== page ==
Lower Mapes Creek Restoration Project
The Lower Mapes Creek Restoration Project moves creek flows out of a storm drain pipe into a dedicated pipe that then will flow into an open, natural creek channel through Beer Sheva Park to Lake Washington. This project will increase the quality and amount of habitat along the Lake Washington shoreline for threatened juvenile Chinook salmon by creating additional riparian habitat and provide an environmental amenity in the park for everyone to enjoy and experience. The project will also include pathway improvements, a new pedestrian bridge over the creek channel and a new art piece within the park. These envisioned improvements can be seen in the graphics shown at right.
The Lower Mapes Creek Restoration Project will be constructed jointly with Seattle Public Utilities’ 52nd Ave. S. Combined Sewer Overflow (CSO) Reduction Project. The joint project will include the installation of new pipes in 52nd Ave. S. right-of-way from Rainier Ave. S. to S. Henderson St., and the S. Henderson St. Right-of-way, from 52nd Ave. S. to Beer Sheva Park.
The current construction schedule is as follows:
- Advertise for construction bids August 2013
- Award construction contract September 2013
- Construction begins October 2013
- Construction complete July 2014*
- Plant establishment July 2014 through July 2015*
*Date depends upon the construction of Mapes Creek channel in Beer Sheva Park
Temporary Construction Impacts
Traffic around the park will be affected, but access to the boat launch will be maintained throughout construction. General construction impacts will include closure of portions of Beer Sheva Park, temporary closure of the 52nd Ave. S. Walkway and delays to traffic and Metro transit service on S. Henderson St. and Seward Park Ave. S.
August 1, 2013 Update
The Lower Mapes Creek Restoration Project is currently experiencing budgetary constraints. While design is complete, we are investigating options for lowering project construction costs. We are also looking into additional funding options for construction. A decision about whether to construct this project this year will be made in September 2013.
October 11, 2012 Update
SPU has completed the 60% design for the 52nd Ave. S. CSO Reduction and Lower Mapes Creek Restoration Projects. View plans (pdf).
The Department of Planning and Development (DPD) “Notice of Proposed Land Use Action” sign was installed at Beer Sheva Park for several weeks, with the comments period ending on October 12, 2012.
And, finally, you may have seen bright yellow signs attached to several trees in the project area for a while. These trees in the public right-of-way and will have to be removed for the work; nearly half of the 34 trees are less than 3 inches in diameter. When the work is completed, we will plant 24 new trees to replace them.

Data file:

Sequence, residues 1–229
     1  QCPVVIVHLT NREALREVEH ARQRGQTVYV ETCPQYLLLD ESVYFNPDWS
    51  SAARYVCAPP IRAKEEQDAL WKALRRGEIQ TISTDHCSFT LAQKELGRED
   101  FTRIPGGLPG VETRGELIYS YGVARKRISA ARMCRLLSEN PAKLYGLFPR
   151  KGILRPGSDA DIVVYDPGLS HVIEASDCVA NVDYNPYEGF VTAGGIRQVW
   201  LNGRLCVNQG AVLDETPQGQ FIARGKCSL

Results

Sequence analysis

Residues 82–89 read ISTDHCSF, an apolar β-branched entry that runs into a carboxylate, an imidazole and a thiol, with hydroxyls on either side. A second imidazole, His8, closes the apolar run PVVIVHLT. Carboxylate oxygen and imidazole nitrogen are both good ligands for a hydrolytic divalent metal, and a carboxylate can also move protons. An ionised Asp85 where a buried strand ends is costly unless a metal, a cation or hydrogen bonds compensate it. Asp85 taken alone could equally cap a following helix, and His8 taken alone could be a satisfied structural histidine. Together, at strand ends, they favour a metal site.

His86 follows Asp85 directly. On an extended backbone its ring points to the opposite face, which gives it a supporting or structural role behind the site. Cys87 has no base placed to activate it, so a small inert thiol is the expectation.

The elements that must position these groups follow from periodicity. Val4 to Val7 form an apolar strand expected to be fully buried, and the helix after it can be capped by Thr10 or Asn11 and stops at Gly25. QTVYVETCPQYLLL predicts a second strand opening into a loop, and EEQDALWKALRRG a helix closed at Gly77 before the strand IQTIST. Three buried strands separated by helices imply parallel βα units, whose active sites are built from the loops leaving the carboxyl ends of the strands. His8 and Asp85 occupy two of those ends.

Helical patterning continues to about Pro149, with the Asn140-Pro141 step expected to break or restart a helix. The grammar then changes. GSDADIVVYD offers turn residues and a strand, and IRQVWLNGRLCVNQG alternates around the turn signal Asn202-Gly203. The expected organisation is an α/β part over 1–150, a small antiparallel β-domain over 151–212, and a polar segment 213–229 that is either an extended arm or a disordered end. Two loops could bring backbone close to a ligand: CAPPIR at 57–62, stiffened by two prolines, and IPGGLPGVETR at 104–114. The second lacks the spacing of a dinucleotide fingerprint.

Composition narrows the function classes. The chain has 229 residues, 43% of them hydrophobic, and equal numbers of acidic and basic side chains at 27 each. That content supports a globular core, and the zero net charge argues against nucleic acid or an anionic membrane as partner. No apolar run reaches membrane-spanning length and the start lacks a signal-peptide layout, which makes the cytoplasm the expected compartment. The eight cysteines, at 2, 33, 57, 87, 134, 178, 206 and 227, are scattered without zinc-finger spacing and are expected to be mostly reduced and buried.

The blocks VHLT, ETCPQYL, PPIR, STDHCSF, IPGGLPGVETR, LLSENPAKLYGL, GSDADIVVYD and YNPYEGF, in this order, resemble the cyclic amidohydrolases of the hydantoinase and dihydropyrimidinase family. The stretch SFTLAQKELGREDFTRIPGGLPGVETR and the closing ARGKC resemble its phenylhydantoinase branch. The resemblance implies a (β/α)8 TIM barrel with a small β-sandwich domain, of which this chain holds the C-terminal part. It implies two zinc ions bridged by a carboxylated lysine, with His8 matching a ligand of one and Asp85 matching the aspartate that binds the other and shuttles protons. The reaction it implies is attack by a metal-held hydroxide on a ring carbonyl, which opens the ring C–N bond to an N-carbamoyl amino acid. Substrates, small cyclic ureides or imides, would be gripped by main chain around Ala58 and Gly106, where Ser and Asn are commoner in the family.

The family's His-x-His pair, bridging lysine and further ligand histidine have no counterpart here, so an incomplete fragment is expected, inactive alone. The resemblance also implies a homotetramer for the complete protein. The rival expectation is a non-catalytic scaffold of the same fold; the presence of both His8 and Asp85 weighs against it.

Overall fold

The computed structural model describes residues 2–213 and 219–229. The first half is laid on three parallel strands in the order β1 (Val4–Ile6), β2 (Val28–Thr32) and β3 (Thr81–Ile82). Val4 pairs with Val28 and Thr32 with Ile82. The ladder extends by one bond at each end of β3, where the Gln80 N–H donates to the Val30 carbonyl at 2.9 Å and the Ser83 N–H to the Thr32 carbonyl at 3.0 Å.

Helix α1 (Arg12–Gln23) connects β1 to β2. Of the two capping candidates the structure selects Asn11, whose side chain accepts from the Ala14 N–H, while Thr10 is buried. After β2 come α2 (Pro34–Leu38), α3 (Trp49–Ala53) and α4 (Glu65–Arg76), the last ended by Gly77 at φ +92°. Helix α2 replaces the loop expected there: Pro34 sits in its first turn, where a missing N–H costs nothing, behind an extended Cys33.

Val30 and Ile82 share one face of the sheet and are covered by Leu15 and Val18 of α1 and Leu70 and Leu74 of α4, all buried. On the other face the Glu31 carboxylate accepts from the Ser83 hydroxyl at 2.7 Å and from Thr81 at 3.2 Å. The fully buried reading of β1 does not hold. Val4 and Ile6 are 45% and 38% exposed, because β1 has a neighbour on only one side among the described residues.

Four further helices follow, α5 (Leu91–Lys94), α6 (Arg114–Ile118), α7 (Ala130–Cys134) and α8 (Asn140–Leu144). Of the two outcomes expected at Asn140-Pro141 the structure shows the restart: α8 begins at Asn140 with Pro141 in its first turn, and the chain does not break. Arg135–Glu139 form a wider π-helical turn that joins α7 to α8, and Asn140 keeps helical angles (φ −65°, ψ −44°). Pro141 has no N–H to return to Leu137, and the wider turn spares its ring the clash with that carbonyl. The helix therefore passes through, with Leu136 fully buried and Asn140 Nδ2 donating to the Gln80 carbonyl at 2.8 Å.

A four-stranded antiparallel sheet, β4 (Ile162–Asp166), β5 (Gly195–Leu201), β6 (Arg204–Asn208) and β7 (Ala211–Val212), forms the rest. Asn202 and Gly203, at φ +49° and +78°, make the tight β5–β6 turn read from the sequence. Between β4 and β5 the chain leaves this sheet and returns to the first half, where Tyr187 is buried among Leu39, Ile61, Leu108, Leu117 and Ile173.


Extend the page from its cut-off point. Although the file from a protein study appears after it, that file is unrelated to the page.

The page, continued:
August 14, 2012 Community Meeting
Rainier Beach community members and interested neighbors gathered at the Rainier Beach Library on Tuesday, August 14th, to learn more about the design for restoring Lower Mapes Creek through Beer Sheva Park; the underground utility work along the Mapes Walkway, 52nd Ave. S. and S. Henderson St. next summer.
View SPU’s presentation (pdf)
Community comments and questions (pdf)
On Saturday, August 11, SPU set up an information table at the “Back 2 School Bash” in Beer Sheva Park from noon to 4 p.m. The event, sponsored by the Rainier Beach Community Empowerment Coalition, drew hundreds of attendees, mostly families with children.
Many visited SPU’s table to learn more about the project that will bring a new creek channel through the park. “Before and After” graphics were displayed and project brochures were distributed in English, Spanish, Chinese, Somali and Tagalog. View the project brochure (pdf) English
The outreach team also promoted the community meeting on Tuesday, 8/14th, at Rainier Beach Library.
Artist Selected – John Grade
The combined Lower Mapes Creek Restoration Project and 52nd Ave. S. CSO Reduction Project will receive $200,000 in Percent for Arts funding. Accordingly, the Seattle Office of Arts & Culture issued a call for artists’ proposals in the spring. A panel of artists, Rainier Beach community members, Seattle Parks & Recreation staff and SPU staff ultimately selected Seattle artist John Grade to create a permanent, site-specific design for the project. John attended the community meeting on August 14th, where people had a chance to meet him and talk briefly about his approach to the commission. Learn more about the artist >
Seattle Public Utilities has determined this project does not have a probable significant adverse impact on the environment. The Determination of Non-significance (DNS) was signed and issued on February 16, 2012. Comments must be submitted by March 1, 2012, and an appeal must be filed no later than March 8, 2012.
Please see the documents below for more details:
Links to other sites
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